Thank you to the publisher and netgalley for the opportunity to read this book. 

The Cornish Escape has been renamed as Summer at Seafall Cottage and is out now.

 

Books · Jottings

July Roundup

First of all I must say thank you to the select few people who kindly joined in my meme Six in Six. There will be a roundup post following in the coming days and I hope I have captured everyone that has taken part.

As for my reading, well it has been varied and thoroughly enjoyable in July. Plenty of books that if I had read them in the first 6 months of the year would have featured on one of my lists!

Looking back July’s reading has been a way of making a dent in the many lists of books to be read. Mainly from my netgalley shelves as well as my venture into reading more Christie.

Annie Lyons – The Choir on Hope Street a pleasant read that passed the time, but not one I would say you HAD to go and read. Not like Kat French – The Bed and Breakfast on the Beach, her books keep getting better and better and this is her latest and well worth the read.

Summer being a theme (and there is a post coming up about that as well at some point) I also decamped to France to finish the trilogy (of which I am disappointed there will not be any more) of Helen Pollard – Summer at the Little French Guesthouse. I look forward to seeing what Helen Pollard will write next if it is as good as these books have been.

I caught up with another book which was previously released as parts Cressida McLaughlin – The Once in a Blue Moon Guesthouse, this was a book worth waiting to read as a whole.

I have read few thriller type novels this year, mainly because I think my brain has not wanted to cope with such things but I did pick up Jane Harper – The Dry. Debut novelist who has created an interesting detective and set him in a barren landscape.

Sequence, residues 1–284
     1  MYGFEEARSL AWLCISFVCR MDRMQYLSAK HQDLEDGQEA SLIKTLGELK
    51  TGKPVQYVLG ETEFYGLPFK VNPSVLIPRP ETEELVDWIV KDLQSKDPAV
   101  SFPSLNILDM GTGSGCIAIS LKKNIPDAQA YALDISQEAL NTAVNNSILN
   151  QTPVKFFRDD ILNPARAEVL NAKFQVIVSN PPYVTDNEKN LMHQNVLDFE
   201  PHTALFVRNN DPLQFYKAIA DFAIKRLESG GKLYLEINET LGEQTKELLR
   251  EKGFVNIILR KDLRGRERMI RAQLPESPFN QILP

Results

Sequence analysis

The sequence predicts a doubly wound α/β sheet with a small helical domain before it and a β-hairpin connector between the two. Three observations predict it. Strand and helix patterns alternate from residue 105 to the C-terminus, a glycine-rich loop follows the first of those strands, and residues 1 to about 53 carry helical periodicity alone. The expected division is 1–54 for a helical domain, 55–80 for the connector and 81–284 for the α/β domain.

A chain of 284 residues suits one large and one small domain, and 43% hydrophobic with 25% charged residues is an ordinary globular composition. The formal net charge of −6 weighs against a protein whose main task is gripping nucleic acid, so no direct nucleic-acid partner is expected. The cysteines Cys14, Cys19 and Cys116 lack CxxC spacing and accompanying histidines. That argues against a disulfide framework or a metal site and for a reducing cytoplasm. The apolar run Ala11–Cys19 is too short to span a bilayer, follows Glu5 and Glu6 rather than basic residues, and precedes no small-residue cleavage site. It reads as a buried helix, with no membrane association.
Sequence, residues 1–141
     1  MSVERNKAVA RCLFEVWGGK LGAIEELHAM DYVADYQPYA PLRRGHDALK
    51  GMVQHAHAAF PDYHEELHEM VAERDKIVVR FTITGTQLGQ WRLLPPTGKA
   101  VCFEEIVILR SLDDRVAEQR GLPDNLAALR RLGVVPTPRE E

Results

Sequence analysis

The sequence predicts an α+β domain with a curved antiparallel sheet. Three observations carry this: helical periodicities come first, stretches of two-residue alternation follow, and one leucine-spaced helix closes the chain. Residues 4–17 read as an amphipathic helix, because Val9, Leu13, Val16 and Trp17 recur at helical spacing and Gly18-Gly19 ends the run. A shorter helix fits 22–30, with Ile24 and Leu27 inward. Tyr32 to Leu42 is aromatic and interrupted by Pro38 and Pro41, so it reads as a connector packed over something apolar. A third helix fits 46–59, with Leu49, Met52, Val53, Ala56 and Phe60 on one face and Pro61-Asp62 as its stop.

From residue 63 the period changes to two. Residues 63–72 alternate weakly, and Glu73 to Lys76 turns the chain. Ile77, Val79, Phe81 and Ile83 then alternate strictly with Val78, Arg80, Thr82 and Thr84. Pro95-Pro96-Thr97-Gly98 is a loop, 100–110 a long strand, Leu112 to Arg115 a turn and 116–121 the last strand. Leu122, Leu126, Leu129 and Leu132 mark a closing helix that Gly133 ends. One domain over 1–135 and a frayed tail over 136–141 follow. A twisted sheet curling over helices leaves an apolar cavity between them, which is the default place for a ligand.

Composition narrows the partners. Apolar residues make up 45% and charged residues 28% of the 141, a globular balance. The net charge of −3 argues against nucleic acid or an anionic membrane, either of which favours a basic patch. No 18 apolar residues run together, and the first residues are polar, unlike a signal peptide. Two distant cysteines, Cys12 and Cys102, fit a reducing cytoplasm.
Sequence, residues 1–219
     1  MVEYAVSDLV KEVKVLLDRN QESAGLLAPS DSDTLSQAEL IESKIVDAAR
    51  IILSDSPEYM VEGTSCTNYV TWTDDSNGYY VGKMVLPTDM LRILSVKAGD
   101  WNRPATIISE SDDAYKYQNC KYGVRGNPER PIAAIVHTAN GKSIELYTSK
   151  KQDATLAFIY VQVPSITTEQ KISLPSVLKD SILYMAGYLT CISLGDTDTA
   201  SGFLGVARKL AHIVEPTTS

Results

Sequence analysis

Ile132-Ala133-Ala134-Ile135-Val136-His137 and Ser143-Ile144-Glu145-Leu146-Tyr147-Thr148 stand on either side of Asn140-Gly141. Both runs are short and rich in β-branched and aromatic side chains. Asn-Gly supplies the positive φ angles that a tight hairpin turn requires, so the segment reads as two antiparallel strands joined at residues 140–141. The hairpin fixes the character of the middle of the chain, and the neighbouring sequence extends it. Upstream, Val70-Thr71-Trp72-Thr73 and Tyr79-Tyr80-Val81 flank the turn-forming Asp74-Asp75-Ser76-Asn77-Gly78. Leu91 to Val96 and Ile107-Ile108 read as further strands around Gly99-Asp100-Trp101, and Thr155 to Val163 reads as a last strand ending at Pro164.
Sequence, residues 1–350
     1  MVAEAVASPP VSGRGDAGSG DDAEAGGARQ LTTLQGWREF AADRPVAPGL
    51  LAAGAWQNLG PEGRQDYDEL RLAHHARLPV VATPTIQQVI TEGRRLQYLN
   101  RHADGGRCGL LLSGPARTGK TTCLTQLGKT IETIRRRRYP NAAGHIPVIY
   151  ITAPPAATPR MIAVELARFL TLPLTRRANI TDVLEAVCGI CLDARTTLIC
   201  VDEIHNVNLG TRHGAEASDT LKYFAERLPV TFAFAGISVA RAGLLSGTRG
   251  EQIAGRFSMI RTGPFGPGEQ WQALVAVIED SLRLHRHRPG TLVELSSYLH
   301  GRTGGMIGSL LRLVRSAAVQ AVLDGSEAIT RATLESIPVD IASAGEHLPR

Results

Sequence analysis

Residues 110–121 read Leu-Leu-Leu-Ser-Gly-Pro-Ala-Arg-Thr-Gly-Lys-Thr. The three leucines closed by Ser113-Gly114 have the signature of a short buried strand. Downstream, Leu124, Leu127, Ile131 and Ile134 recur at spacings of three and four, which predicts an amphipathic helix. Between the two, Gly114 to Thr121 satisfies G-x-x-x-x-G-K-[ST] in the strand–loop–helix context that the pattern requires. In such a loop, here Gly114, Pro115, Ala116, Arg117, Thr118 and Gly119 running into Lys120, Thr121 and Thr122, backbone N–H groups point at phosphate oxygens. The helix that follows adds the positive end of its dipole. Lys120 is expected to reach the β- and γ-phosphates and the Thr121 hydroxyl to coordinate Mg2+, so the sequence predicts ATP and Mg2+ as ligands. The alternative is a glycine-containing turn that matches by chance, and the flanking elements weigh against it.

Kathleen McGurl – The Daughters of Red Hill Hall, this book had been languishing on my kindle for a while and I wanted to make a dent in some of those books too, I chose this one to read. A dual narrative novel, which I do enjoy and was an interesting read which drew away from the sunnier books I had been reading!

Finally the month was complete with Agatha Christie – The Mysterious Affair at Styles. The first Christie Novel, the first Hercule Poirot. As part of my aim to have read all of her books by some point – I went to this one next. The edition I read (as pictured) had an introduction by John Curran and contained information regarding a rewritten chapter which in some ways set in stone the denouement of many murder stories for years to come.

I am back experiencing a new author as the month closes and I have also gone back to one of my favourite authors to immerse myself in one of her novels.

Here is to more lovely reading in August.

Books

The Once in a Blue Moon Guesthouse – Cressida McLaughlin

Robin has returned to Campion Bay, on the Dorset coast. She has come to seek solace in her home and grieve for a life that has changed.

Her home also happens to be a guesthouse and when her parents decide they want to retire, Robin throws herself into relaunching the guesthouse and at the same time her own life.

On her first night, an unexpected guest arrives, Will. He is the nephew of Robin’s deceased next door neighbour and he has come to sort the house out. With no choice but to put him in her best room Starcross a friendship forms which starts to tip over into something else.

However the path of true love never did run smooth and when past secrets start to appear and make there present very much felt, it seems that Robin’s idea of solace in Campion Bay is merely just a dream.

But dreams can become realities.

This is a character driven novel and one that is rich in them. No character is there just to fill in, they all have a purpose, a background and are important to the two main protagonists, Robin and Will. I loved and despised them all as I should and I was glad when Robin branched away from the guest house just to remind us and her what she did before she returned to Campion Bay.

A great read, which was previously released in four parts but it is worthy of reading as the whole novel, because you are immediately checked into the guest house, can smell the bacon cooking as you wait for your breakfast and relax into each specially selected room after the exciting day you may have experienced.